“Bare Walls” Or Full Insurance Coverage for Homeowners Associations: A Discussion
When it comes to running a homeowners association or condominium and all of the upkeep and operations associated with these types of properties, it is important to understand the ins and outs of insurance coverage and liability.
For example, “bare walls” insurance plans are often discussed in associations that want to limit the cost of water damage claims because each owner (versus the homeowners association) restores their own unit interior (including cabinets, walls, and floor coverings, as well as other interior finishes).
What Is “Bare Walls Coverage”?
“Bare walls” coverage is a type of insurance coverage purchased by condo or homeowners associations which typically applies to communally-used features in buildings (such as entryways). Associations typically use costs that they charge in HOA fees to cover this type of insurance policy. However, it is the most limited type of coverage that an association can purchase. Individual unit owners are required to purchase their own insurance to cover anything that is damaged within their units (for example, toilets, appliances, etc.).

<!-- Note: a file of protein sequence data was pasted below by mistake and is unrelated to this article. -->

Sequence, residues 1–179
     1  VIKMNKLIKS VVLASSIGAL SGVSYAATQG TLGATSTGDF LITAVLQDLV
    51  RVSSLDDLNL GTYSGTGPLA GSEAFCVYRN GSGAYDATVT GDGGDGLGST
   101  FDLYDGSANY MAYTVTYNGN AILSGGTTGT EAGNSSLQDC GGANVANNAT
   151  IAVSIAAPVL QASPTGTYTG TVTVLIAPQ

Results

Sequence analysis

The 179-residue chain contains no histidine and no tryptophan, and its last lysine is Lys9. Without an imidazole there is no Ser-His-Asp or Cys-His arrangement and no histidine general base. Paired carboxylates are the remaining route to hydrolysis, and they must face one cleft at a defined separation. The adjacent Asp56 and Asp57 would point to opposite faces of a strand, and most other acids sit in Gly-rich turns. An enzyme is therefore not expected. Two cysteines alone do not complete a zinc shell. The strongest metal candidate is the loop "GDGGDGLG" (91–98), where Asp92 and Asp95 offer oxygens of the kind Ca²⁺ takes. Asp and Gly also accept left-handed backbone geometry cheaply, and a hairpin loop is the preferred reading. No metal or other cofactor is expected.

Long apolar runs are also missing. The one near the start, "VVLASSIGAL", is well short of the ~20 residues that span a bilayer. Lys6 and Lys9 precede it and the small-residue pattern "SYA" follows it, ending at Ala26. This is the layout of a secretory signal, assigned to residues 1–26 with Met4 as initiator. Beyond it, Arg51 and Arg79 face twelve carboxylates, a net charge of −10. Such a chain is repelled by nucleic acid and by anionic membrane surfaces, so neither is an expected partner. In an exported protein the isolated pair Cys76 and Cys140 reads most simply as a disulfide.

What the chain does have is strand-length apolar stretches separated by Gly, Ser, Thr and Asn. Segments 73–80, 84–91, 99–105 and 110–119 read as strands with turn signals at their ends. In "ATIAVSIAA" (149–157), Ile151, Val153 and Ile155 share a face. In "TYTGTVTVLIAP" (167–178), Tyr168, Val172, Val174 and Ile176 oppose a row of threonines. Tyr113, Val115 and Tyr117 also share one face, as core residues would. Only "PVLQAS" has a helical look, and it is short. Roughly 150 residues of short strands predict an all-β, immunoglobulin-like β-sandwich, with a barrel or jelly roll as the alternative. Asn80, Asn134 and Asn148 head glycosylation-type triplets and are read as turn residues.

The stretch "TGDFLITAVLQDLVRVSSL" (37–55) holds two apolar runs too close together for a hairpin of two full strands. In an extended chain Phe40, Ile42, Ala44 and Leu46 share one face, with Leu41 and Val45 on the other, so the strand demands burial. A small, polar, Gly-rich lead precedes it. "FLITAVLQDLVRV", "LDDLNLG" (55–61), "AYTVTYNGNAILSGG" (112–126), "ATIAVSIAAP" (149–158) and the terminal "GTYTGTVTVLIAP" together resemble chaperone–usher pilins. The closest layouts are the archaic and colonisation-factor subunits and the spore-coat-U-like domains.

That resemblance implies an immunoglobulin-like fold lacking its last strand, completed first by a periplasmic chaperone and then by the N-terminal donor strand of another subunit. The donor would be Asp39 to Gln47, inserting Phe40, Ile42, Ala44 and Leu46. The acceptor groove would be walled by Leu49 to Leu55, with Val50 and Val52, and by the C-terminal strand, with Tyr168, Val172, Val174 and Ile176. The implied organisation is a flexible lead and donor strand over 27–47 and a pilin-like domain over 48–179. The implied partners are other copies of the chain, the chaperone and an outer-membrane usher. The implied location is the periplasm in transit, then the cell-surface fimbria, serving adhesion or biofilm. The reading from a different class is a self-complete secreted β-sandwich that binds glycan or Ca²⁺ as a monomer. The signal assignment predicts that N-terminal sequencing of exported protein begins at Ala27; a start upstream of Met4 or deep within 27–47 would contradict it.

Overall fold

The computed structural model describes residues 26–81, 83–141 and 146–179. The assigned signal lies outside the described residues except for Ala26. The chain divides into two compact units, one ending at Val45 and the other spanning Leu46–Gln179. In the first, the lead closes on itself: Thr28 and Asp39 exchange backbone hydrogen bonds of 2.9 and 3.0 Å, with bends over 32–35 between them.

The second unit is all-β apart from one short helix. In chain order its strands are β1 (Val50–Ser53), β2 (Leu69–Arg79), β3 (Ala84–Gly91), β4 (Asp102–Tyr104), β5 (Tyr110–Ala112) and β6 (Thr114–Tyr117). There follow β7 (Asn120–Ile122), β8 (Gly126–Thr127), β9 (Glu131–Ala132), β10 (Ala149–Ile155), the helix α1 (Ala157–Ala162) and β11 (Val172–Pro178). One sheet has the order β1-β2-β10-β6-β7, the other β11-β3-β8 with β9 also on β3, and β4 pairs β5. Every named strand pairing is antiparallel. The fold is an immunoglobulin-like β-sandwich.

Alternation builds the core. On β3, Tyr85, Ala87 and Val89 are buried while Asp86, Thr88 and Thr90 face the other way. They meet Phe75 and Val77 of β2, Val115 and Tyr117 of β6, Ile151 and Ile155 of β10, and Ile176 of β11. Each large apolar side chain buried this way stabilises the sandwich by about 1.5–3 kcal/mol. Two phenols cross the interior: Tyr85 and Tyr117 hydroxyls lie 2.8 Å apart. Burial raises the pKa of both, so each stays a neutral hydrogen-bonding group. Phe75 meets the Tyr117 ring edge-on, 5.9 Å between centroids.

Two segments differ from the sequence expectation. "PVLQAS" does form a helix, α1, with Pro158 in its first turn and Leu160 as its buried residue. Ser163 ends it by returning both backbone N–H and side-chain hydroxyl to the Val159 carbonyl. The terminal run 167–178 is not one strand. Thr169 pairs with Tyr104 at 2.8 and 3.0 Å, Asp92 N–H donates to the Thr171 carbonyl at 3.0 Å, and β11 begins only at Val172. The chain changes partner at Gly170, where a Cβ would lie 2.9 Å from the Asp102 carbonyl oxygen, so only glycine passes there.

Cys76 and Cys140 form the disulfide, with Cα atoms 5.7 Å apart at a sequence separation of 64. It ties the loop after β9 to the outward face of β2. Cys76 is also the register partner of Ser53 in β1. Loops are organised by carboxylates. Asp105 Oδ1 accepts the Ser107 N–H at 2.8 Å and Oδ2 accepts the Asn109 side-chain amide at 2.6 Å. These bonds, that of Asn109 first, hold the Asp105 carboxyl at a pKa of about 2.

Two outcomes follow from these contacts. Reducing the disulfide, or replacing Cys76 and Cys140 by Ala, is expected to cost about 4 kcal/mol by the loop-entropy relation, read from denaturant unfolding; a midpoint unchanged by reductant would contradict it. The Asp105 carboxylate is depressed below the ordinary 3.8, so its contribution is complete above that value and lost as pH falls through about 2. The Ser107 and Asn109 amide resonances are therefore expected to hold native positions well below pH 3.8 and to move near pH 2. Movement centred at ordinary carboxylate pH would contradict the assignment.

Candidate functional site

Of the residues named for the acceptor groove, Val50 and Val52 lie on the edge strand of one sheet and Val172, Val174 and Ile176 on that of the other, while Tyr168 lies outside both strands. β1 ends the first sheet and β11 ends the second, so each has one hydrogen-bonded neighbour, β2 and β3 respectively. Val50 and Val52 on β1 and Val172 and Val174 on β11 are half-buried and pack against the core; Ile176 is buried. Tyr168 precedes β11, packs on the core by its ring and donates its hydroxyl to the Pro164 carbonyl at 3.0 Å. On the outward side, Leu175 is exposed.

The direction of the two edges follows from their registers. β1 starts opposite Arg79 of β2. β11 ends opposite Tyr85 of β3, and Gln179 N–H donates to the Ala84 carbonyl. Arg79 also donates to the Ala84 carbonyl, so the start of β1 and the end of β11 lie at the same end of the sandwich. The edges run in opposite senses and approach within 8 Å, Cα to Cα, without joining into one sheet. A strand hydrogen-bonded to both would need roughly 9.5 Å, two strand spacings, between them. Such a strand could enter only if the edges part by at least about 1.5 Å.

The alternative type of insurance that an association can purchase is known as full or all-inclusive coverage (also known as “single entity coverage”). This applies to all the property on-site, including the individual units; however, it does not apply to unit owners’ personally-owned items, such as computers, clothing, etc. Single entity coverage is more commonly purchased by associations, as it also covers the cost of property improvements.
Pros and Cons
While some do not necessarily prefer a bare walls system because it has the potential to expose an association to damage if the owner does not obtain proper interior insurance (and thus does not properly restore a unit after water damage), others feel that it is the best way to equitably share the risk of damage to the interior of the property. Otherwise, too much responsibility could fall on the shoulders of the homeowners association and potential claims against its policy, which then raises premiums.
The Importance of Individual HO6 Policies
Regardless of which type of insurance policy your association goes with, individual unit owners should always have HO6 policies. In addition, associations can always obtain a modification or “endorsement” to their policy, which removes floor and wall coverings from its insurance coverage. Ultimately, homeowners associations should always discuss the pros and cons (costs and benefits) of each alternative with both their insurance brokers and legal counsel and each association should tailor their approach to their own individual needs.
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